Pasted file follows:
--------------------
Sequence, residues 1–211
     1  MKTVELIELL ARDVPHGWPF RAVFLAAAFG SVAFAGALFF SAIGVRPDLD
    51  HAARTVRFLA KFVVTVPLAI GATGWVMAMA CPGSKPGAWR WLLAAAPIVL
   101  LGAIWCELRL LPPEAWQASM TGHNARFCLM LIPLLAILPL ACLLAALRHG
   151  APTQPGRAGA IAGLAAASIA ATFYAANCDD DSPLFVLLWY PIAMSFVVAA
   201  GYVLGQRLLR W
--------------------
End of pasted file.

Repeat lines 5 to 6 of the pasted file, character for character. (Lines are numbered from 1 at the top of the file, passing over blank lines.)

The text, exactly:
   151  APTQPGRAGA IAGLAAASIA ATFYAANCDD DSPLFVLLWY PIAMSFVVAA
   201  GYVLGQRLLR W